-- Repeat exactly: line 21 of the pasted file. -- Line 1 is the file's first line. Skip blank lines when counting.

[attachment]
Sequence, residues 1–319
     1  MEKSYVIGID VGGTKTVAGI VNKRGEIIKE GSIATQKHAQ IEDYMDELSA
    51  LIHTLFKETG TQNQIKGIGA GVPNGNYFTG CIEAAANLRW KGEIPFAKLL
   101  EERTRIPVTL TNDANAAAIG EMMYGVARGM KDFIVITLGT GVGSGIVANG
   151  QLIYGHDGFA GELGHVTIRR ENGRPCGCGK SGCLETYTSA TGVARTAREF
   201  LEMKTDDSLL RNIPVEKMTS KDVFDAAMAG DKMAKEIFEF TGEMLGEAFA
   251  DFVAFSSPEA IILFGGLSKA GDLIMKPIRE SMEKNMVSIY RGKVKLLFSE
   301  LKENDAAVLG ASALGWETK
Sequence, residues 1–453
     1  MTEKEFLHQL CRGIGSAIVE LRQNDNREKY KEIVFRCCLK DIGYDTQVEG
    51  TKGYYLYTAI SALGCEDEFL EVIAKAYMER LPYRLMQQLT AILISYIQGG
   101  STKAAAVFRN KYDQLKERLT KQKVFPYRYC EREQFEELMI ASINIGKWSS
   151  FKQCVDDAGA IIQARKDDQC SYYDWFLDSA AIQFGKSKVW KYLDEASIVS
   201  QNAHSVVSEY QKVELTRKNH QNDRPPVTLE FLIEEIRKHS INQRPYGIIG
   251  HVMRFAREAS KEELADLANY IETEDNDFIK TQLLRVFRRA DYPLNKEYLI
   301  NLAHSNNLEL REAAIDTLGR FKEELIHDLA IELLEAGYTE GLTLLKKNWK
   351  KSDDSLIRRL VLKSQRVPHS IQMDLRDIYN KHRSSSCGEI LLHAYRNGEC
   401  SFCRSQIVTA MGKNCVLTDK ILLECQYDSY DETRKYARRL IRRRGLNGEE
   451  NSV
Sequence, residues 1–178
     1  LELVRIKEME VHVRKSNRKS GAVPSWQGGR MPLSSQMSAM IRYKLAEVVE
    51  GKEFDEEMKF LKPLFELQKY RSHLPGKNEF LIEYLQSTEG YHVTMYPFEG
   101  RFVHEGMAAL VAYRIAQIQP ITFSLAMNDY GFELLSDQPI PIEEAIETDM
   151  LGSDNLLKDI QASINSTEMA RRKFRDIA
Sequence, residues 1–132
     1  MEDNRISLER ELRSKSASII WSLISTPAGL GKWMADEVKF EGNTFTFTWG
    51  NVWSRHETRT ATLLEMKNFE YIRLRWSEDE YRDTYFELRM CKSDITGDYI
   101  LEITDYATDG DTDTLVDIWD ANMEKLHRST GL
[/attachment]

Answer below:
     1  LELVRIKEME VHVRKSNRKS GAVPSWQGGR MPLSSQMSAM IRYKLAEVVE